Date Published: 5 December 2012

Significant breakthrough in the understanding of embryonic stem cells from Trinity College, Dublin

Health News from Ireland
Health News from the UK

A significant breakthrough in the understanding of embryonic stem cells has been made by scientists from the Smurfit Institute of Genetics at Trinity College Dublin. The research group led by Dr Adrian Bracken has recently published their findings in the journal Nature Structural & Molecular Biology.

This recent research describes the process by which genes that are 'on' in embryonic stem cells are switched 'off'.

This process is essential in order to convert embryonic stem cells into different cell types such as neurons, blood or heart cells and therefore represents an important breakthrough in the area of regenerative medicine.

The research includes both embryonic stem cell research and epigenetics. Embryonic stem cell research is focused on a particular type of cell that is capable of generating the various tissues in the body e.g. muscle, heart or brain. It is of particular interest for its potential for regenerating diseased tissues and organs and for the treatment of a various conditions such as Parkinson's disease, diabetes and spinal cord injury.

DNA around nucleosome

Above: DNA wrapped around a nucleosome. Changes in the 3D stucture of DNA are important for turning genes on and off.

Epigenetics explains how cells in the human body with exactly the same genes can have such different functionality.

For example, a neuron and a muscle cell look and act very differently, yet contain exactly the same genes. The study of epigenetics has releaved that every type of cell has its own unique pattern of genes that are either switched 'on' or 'off'. Different types of cells arise due to these differences.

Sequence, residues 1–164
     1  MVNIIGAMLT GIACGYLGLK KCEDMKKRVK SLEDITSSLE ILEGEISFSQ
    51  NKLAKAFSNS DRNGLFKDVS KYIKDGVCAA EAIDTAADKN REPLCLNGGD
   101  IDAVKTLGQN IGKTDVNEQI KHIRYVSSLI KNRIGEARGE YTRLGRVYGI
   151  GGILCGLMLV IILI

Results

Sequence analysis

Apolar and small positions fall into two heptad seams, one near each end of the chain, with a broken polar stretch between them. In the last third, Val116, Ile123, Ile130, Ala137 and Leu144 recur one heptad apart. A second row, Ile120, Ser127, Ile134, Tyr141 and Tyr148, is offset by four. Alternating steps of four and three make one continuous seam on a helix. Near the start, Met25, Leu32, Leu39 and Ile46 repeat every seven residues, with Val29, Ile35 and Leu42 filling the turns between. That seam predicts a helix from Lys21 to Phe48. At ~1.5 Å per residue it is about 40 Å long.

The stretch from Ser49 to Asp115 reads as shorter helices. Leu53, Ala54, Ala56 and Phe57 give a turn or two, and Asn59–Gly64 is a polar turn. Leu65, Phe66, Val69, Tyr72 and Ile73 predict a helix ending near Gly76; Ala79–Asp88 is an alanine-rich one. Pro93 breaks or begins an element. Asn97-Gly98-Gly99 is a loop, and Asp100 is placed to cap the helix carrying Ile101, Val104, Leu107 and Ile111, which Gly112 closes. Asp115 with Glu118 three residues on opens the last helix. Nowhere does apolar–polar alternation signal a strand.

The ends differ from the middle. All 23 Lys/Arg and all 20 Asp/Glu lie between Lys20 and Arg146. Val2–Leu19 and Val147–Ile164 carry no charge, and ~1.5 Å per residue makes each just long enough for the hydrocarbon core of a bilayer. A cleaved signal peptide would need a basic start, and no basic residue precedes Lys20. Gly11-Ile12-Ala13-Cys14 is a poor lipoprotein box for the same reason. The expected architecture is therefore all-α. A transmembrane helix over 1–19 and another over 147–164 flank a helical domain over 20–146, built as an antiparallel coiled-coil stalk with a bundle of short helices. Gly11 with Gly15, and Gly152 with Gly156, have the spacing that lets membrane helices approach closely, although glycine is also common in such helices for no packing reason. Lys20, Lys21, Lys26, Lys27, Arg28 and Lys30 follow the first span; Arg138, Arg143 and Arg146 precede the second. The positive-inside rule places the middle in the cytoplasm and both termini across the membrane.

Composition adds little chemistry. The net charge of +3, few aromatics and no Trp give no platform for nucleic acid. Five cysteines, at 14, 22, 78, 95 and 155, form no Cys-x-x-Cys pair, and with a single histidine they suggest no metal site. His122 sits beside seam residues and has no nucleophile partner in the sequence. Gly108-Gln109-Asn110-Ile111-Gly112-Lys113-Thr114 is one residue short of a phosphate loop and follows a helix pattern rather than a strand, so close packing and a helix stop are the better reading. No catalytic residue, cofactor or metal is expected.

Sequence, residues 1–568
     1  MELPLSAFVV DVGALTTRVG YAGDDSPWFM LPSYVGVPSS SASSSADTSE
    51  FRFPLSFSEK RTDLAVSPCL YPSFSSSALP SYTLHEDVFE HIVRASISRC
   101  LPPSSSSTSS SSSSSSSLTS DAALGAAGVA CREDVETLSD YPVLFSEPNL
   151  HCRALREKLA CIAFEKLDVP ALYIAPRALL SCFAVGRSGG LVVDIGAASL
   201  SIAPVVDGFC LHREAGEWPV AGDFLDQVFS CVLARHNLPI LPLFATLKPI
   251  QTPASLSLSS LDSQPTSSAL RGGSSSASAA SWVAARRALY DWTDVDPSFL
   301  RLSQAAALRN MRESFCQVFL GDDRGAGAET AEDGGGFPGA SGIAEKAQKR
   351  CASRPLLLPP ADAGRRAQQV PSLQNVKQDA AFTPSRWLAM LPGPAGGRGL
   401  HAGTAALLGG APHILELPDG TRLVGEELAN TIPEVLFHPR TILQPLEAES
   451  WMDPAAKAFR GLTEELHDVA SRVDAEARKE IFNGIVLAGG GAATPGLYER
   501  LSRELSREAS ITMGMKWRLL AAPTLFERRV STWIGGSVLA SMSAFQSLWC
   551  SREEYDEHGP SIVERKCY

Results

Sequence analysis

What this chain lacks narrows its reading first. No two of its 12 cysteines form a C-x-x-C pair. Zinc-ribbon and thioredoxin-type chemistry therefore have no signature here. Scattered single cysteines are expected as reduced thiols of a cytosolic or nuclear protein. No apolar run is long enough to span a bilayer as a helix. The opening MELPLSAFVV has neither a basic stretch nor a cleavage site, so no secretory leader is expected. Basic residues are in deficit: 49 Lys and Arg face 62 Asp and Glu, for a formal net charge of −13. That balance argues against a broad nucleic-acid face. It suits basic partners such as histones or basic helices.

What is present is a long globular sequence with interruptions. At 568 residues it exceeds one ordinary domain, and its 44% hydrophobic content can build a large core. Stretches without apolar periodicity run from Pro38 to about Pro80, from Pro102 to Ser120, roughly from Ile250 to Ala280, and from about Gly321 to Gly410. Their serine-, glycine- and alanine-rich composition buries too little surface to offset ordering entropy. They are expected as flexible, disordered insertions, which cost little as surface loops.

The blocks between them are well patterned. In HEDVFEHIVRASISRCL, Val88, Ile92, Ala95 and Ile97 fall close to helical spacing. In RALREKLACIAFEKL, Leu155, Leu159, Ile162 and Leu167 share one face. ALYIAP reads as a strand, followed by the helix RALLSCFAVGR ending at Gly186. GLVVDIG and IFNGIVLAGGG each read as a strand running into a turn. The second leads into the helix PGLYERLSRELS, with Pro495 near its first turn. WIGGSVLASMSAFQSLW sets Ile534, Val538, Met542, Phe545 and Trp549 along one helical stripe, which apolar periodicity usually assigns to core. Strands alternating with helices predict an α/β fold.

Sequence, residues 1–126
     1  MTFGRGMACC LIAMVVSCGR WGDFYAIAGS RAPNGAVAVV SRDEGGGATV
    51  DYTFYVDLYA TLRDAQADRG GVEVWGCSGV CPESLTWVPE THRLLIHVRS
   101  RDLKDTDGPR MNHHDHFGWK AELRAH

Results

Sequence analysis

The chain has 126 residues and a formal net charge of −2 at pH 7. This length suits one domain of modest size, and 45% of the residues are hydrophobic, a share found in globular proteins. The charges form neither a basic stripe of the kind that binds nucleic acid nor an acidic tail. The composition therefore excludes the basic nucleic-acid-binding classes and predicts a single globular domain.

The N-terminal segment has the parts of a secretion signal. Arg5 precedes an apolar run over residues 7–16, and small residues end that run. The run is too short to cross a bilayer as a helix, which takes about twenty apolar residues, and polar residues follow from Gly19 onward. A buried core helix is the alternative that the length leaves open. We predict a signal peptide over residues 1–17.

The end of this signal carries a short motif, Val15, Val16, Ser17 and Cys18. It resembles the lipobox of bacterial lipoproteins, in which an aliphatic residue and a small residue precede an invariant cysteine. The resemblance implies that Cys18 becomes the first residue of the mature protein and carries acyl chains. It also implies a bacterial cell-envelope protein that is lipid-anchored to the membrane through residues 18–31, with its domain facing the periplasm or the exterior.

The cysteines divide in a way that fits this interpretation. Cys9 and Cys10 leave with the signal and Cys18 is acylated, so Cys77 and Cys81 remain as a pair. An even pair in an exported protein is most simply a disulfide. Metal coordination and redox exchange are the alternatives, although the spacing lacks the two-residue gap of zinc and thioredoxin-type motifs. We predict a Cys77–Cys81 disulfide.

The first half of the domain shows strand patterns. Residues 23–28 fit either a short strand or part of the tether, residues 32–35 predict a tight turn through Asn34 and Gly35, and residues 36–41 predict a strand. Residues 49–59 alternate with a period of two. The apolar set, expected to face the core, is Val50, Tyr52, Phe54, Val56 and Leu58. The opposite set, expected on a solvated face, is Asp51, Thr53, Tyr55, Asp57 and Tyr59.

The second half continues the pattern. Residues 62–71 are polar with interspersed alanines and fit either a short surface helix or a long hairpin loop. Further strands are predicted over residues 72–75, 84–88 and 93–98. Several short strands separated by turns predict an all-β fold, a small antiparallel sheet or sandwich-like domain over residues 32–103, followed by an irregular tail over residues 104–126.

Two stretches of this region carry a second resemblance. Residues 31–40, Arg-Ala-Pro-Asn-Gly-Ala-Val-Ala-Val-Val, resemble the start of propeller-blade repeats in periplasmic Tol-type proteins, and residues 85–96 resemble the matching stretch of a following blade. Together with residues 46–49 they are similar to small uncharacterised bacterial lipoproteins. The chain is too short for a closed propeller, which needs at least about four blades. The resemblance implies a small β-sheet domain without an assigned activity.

The latest research explores the role of a protein termed a 'Polycomb group protein' called PHF19 in mouse embryonic stem cells. Gerard Brien, the lead author on the paper showed that without PHF19, embryonic stem cells are incapable of generating specialised cells such as those of the heart, lung or brain. Then he also showed that PHF19 plays a critical role in switching the embryonic stem cell genes from an 'on' to an 'off' state during conversion into specialised cells. PHF19 does this by reading an 'epigenetic mark' called H3K36me3, which is only found on genes that are 'on'. It then recruits additional 'Polycomb' and other proteins, which replace H3K36me3 with another mark, H3K27me3, that is found on genes that are 'off'.

Commenting on the findings, Dr. Bracken stated:

" This discovery about PHF19 is an important step forward in our understanding of how stem cells specialise. In addition to its relevance in regenerative medicine, it may also have implications in future cancer therapies. We are also studying a related 'Polycomb group protein' called EZH2, which is mutated in lymphoma, a type of blood cancer. Several new drugs have been developed to target EZH2 and treat these patients. Our new results suggest that these patients could also be treated by inhibitors of PHF19. This ongoing work is supported by funding from Science Foundation Ireland".

Ref. to Paper:
Gerard Brien, 'Polycomb PHF19 binds H3K36me3 and recruits PRC2 and demethylase NO66 to embryonic stem cell genes during differentiation', Nature Structural & Molecular Biology, 5 Dec 2012 [Published Advanced Online Nov 18th].

Source: Trinity College, Dublin (Ireland)

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